Technology Competition with China Starts with Technology Competition at Home: A Discussion on U.S. Technology Competitiveness with Tom Wheeler, 31st Chair of the Federal Communications Commission
In his recent paper “ Digital Competition with China Starts with Competition at Home,” former FCC chair Tom Wheeler states that at the heart of digital competition – both in the United States and abroad – is data - the capital asset of the 21st century. The sheer scale and richness of China’s data creates an inherent digital advantage when compared to the U.S. To out-innovate China, Wheeler advocates that the U.S. should focus on meaningful competition at home and trust in the “all-American” belief that competition drives innovation. However, he asserts that the digital marketplace in the U.S. is not competitive. While America’s tech giants are innovative, nevertheless they are starving independent innovators of access to the essential data assets required for market competitiveness. He adds that U.S. public policy should explicitly embrace the concept of competition-driven innovation which begins with freeing up the data for others to use. While this does not necessarily mean breaking up the dominant companies, he advocates that it does mean “breaking them open” to unlock the assets needed for competition-driven innovation to thrive in the United States. The Center for Global Management and Easton Technology Management Center hosted a moderated conversation with Tom Wheeler who provided a 360-degree view on the state of technology today, including the most promising areas of innovation and how he sees China on a comparative basis to the U.S. in terms of tech-based advances, economic growth and addressing broad societal needs. Wheeler discussed the proposition of his recent paper and described its key elements as well as analyzed the potential risks. During a fascinating and broad reaching moderated conversation, he explained how his proposition can become a reality at a practical level and what would be required from both a legislative as well as industry standpoint to preserve the dynamism of American capitalism while protecting the American consumer. Drawing on lessons learned from other regions of the world, he also shared his national vision for digital policy in the U.S. and his observations on how he sees the role of technology in addressing broader societal issues such as the COVID-19 pandemic. The conversation was moderated by Terry Kramer, adjunct professor and faculty director of the Easton Technology Management Center and Christine Loh, visiting professor and former minister in the Hong Kong SAR Government. The audience, which comprised over 200 current and admitted students as well as alumni, faculty, staff, members of the extended UCLA community and general public asked many though-provoking questions during the audience Q&A around changes needed to the U.S. structure of governing and regulating to meet the challenges and opportunities of big data and the responsibility of U.S.-based tech companies doing business in China. Wheeler shared his thoughts on innovation, leadership and public policy and provided an extremely insightful window into the tech world and his eye-opening proposal about how data should be used, who should own it and how it can create a competitive advantage for the U.S. amidst an increasingly competitive global landscape. The discussion was a collaboration with the UCLA Luskin Global Public Affairs, UCLA Samueli School of Engineering and the UCLA School of Law Lowell Milken Institute for Business Law & Policy.
An Opportunity for Those Who Discern and Distill - A Cultural Insight into Commercial Success, with Sanjeev Gupta, Board of Directors Member and Executive Director for Financial Services, Africa Finance Corporation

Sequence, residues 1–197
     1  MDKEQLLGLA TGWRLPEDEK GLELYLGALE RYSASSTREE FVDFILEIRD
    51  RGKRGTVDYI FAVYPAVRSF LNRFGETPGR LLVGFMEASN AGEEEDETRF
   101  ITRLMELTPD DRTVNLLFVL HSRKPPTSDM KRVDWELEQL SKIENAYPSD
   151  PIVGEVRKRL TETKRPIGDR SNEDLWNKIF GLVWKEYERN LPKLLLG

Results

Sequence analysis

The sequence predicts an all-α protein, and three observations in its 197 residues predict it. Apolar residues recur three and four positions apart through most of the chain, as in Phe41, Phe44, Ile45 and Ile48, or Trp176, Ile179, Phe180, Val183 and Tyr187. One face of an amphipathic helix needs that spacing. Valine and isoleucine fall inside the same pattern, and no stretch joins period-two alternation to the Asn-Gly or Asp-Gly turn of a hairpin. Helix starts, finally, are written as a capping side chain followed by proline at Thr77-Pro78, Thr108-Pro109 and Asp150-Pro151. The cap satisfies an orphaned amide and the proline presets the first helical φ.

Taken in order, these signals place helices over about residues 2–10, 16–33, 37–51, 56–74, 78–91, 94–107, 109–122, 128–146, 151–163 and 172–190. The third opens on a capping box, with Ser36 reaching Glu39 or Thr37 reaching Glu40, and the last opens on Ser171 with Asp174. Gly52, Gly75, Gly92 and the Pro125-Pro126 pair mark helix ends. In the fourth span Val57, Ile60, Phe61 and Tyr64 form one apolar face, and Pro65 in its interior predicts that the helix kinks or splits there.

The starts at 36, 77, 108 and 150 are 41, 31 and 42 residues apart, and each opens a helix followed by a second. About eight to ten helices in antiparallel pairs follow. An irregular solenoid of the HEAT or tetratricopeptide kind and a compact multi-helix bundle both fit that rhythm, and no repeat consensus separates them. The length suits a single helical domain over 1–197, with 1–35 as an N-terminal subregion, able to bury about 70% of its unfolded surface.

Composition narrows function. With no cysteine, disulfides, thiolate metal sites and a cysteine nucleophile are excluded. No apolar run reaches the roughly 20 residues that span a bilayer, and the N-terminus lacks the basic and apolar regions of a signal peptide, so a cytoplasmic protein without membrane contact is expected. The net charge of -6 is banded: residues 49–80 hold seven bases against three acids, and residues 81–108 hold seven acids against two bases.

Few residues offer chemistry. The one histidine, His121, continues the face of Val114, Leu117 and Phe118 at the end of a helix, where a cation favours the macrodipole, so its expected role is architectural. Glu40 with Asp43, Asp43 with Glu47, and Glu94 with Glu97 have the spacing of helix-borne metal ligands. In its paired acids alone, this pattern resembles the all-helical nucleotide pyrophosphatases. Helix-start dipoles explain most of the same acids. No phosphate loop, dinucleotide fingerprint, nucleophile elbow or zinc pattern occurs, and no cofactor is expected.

Africa is the world’s second largest continent with a population of over 1.2 billion people. Africa thrives in all its diversity and amidst the proxy wars that keep affecting its progress. People and hope combined with capital and perseverance change everything. The Center for Global Management welcomed to campus Sanjeev Gupta, board of directors member and executive director for financial services at the Africa Finance Corporation (AFC) for a conversation and moderated discussion as part of its Global management Lecture Series. AFC is an independent, majority private sector owned, multi-lateral African financial institution that provides project structuring expertise and risk capital to address Africa’s infrastructure development needs. Gupta addressed a packed classroom of UCLA Anderson MBA, Ph.D. as well as undergraduate students, alumni and representatives from UCLA’s African Studies Center for a fascinating discussion as he provided a cultural insight into commercial success on the continent. Gupta explained how Africa is no different to anywhere else - to succeed, businesses need on the ground presence, patient capital and the ability to understand local nuances and encourage local practices. They also need to embrace multiculturalism as a reality and adaptability as an imperative. Gupta shared his real life experiences of success, planning and delivery in Africa that while hard to replicate in the confines of a business school, were rich in content, and provided succor and hope to aspiring leaders willing and keen to succeed in what is paradoxically referred to as the last frontier for humanity. Gupta has 30 years of experience in investment and fund management, private equity and corporate finance. His forte has been to blend global and indigenous corporates, financial investors and governments to develop commercially viable business and development models that leave a sustainable impact on emerging market economies. Gupta’s overall responsibility in AFC includes treasury, trade finance, debt syndication, country and investor relations and financial advisory. Prior to joining AFC, Gupta was the managing partner of Emerging Markets Mergers and Acquisitions Center of Excellence at Ernst and Young. He has also served as the chief executive officer of Sanlam Investment Management Emerging Markets operations and was a founder and managing partner of Emerging Opportunity Consulting, a boutique advisory firm specializing in SME financing.